Photographs of Chinese Unity Promotion Party Chairman Chang An-le (張安樂) handing out the “mayor’s award” at an elementary-school graduation ceremony have surfaced on Facebook, sparking an uproar.
Chang on Friday attended the ceremony at National Taipei University of Education Experimental Elementary School for his granddaughter’s graduation and was asked to hand out the award, causing anger from parents over the former gang leader — also known as the “White Wolf” — presenting the prize.
A letter of apology to parents was published on the school’s Web site early yesterday morning.
The school made a careless mistake, as it did not carefully think through how awards would be conferred, school affairs director Chen Chien-ting (陳建廷) said in an interview.
He apologized for the trouble caused to students receiving awards and their parents, saying that the school would formally apologize to each parent and would reflect on the mistakes made at the ceremony to prevent a recurrence.
Chen rejected rumors that school principal Lorna Lin (林正鳳) would resign, saying that the issue has not been brought up.
Lin has apologized for the error and would look into it, Chen said, adding that it was a spur-of-the-moment decision for Chang to be asked to hand out the award.
Asked whether Lin had changed her mind after reportedly telling reporters that she was “leaning toward resignation,” Chen said that Lin was “prioritizing school affairs.”
He said he had no knowledge of the Taipei Department of Education reportedly receiving notification from Lin that she would resign.
Chang and others were asked on stage because they were related to graduates, Chen said, adding that the issue of who would hand out awards was not discussed at a preparatory meeting of organizers.
Guests who are to confer awards at ceremonies would now be determined in advance, he said, adding that it had not been standard practice, as organizers hoped to avoid last-minute cancelations.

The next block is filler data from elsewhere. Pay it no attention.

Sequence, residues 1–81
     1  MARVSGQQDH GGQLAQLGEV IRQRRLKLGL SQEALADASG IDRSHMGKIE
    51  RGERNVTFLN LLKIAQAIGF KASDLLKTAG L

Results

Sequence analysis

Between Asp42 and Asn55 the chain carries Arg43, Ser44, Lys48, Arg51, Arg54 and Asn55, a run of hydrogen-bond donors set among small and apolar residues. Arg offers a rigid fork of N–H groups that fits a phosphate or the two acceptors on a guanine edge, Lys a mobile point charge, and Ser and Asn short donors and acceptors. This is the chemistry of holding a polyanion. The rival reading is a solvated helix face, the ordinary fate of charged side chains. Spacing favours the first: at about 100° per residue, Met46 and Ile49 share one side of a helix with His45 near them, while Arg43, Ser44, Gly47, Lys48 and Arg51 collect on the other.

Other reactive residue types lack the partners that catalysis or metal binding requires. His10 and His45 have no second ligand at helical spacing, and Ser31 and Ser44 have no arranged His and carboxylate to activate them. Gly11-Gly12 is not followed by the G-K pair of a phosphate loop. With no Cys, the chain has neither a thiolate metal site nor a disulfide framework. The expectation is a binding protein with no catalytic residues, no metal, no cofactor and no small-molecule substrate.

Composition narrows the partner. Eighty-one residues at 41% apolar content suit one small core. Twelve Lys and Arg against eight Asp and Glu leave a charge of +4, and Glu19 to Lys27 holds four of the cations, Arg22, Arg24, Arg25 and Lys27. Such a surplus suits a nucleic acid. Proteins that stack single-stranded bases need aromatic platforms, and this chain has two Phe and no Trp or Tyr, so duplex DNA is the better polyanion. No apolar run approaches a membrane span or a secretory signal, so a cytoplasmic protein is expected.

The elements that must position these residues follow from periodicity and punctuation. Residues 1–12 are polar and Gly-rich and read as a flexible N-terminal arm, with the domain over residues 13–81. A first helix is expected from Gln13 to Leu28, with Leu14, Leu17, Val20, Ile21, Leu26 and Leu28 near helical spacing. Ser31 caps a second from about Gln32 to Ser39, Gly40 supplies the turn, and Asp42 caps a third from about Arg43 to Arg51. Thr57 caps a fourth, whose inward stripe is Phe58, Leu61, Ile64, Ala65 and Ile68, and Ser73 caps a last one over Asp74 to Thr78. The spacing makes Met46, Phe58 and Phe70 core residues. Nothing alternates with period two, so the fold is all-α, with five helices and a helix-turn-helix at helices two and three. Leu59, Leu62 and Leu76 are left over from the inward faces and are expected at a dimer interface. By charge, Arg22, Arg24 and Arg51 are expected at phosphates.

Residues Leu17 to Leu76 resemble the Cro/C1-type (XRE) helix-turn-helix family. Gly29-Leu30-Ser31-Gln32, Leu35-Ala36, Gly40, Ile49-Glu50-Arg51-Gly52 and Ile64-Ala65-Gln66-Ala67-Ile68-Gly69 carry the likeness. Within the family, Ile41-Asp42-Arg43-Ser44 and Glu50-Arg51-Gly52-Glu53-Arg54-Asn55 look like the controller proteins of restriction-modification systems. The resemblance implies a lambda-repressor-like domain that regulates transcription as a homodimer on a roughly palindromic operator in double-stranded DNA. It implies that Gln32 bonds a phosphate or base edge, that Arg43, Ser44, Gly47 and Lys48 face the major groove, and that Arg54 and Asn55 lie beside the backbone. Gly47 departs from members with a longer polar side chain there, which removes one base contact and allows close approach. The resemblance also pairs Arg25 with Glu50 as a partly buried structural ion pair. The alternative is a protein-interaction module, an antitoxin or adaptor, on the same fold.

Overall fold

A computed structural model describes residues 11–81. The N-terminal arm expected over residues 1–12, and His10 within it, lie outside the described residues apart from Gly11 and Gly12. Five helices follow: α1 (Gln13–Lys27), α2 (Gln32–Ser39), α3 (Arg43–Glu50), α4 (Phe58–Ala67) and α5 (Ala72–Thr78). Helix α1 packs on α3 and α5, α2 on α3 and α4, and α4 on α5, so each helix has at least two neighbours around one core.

Asked whether Chang had requested ahead of time to be asked on stage, Chen said: “No, no! Absolutely not.”
Parents expressed their unhappiness over the situation to the school immediately after the ceremony, he said, explaining the school’s decision to re-evaluate the award ceremony and change procedures.
“After we deal with this situation and impose punishments, we will convene to discuss the issue further,” Chen said. “It is not like nobody will be punished for this.”
Ministry of Education K-12 Education Administration Division Director-General Chiu Chien-kuo (邱乾國) said that most awards at graduation ceremonies are typically conferred by representatives of the government department for which they are named.
Mayor’s and commissioner’s awards are the top awards at graduations, and if the mayor or county commissioner, or a representative of the local education department is unavailable, a school inspector should confer the award, he said.
In the event that no city official can attend, the school’s principal would normally confer the award on the city’s behalf, he added.
It is rare to have parents present awards, Chiu said, adding that due to the significant number of parents at graduation ceremonies, choosing any of them to confer an award would be arbitrary and inappropriate.
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